De Beers’ Rough Prices Rise 23% in 2022
De Beers’ prices jumped last year as steady retail sales and shortages of Russian goods supported demand for the miner’s production.
The company’s rough-price index, which reflects like-for-like values, rose 23% for the 12 months, parent company Anglo American reported Thursday.
Sales volume dropped 7% to 33.7 million carats, with the average selling price climbing 35% to $197 per carat. While the company has not published full-year revenue, rough sales grew 20% to $5.79 billion, according to Rapaport estimates based on De Beers’ 10 sight reports for 2022.
“The increase in the rough-price index reflected overall positive consumer demand for diamond jewelry and was supported by De Beers’ proposition of provenance-assured diamonds,” Anglo American explained.
Output for the year was up 7% at 34.6 million carats as increases at mines in Botswana, Namibia and South Africa outweighed a decline in Canada.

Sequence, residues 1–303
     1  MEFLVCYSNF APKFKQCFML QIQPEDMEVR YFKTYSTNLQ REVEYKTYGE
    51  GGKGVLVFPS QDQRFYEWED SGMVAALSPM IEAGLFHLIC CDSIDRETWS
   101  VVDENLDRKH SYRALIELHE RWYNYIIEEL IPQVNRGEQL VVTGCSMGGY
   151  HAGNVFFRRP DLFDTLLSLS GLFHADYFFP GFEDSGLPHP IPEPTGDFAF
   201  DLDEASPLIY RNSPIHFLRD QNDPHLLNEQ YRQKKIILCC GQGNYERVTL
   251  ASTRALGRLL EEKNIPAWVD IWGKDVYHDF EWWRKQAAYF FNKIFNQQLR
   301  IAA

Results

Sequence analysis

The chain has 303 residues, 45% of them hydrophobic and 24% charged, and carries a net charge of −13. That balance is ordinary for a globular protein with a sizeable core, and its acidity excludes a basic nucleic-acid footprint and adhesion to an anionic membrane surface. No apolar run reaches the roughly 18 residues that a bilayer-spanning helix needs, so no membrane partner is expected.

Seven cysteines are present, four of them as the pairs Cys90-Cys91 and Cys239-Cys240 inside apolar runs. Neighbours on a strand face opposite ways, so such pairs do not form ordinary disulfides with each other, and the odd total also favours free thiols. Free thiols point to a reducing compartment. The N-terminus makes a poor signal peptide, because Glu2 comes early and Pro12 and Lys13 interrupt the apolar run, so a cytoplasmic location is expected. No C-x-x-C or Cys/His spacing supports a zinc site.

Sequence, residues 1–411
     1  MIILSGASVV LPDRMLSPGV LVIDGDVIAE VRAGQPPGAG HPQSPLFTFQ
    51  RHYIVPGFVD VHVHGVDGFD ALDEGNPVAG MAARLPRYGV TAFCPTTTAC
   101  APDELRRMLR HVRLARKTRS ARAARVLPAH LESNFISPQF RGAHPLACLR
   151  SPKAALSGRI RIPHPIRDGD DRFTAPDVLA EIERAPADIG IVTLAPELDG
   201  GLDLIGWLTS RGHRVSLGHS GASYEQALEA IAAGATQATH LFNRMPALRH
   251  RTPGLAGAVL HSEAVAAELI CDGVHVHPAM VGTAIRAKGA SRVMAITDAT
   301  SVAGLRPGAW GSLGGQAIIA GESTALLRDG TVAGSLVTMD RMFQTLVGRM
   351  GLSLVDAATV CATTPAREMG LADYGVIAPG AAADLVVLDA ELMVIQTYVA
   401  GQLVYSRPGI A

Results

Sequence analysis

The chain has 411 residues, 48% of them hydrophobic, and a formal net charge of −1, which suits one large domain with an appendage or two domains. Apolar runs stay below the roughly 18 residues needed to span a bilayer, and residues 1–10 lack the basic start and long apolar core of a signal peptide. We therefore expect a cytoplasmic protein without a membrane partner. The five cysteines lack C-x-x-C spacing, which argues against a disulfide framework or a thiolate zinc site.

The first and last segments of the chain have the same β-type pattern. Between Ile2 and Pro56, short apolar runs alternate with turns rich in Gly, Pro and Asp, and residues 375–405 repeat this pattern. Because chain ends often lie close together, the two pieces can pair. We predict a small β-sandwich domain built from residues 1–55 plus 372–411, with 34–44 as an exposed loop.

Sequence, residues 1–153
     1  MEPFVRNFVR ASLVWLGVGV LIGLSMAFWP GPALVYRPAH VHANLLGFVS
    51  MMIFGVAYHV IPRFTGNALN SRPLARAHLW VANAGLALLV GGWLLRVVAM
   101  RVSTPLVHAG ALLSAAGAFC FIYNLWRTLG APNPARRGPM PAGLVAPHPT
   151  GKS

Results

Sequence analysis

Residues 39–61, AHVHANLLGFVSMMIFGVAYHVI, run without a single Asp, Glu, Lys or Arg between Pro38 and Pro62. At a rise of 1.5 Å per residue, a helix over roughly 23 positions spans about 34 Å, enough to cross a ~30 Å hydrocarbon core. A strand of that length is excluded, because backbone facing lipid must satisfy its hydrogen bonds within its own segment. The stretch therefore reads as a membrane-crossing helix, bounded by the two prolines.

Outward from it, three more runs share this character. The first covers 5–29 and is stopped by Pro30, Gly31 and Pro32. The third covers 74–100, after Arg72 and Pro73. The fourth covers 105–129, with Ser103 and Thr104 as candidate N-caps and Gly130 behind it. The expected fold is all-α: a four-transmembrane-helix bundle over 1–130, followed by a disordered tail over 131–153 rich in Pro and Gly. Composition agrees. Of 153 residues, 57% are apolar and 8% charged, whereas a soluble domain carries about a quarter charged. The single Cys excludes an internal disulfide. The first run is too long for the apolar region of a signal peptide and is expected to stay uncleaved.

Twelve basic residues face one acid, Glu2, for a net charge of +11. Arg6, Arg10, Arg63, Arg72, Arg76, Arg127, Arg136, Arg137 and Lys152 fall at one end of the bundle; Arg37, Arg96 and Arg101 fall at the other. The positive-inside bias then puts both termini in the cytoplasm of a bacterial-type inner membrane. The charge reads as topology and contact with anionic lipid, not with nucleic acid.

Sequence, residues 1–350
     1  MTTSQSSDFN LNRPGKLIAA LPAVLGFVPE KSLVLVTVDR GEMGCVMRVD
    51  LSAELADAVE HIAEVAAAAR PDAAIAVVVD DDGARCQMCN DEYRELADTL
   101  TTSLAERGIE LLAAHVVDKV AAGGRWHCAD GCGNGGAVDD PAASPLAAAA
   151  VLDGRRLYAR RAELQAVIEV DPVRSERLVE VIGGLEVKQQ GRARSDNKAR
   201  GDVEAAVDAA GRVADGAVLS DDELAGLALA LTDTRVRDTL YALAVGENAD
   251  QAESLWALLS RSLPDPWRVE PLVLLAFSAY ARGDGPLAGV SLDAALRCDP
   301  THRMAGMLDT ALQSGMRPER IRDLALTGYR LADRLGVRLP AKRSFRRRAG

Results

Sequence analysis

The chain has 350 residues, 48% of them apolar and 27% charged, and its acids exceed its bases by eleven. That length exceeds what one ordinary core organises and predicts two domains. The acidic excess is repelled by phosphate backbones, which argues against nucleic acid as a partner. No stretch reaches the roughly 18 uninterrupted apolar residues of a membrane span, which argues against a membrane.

In the fourth quarter, sales volume fell 5% year on year to 7.3 million carats, while production advanced 6% to 8.2 million carats.
“Midstream polished-diamond inventories continued to build in the fourth quarter, as retailers restocked more cautiously amidst the growing economic uncertainty,” the company added. “This led to downward pressure on wholesale polished prices. However, demand for De Beers’ rough diamonds remained steady.”
Image: A haul truck at De Beers’ Venetia mine in South Africa. (Ben Perry/Armoury Films/De Beers)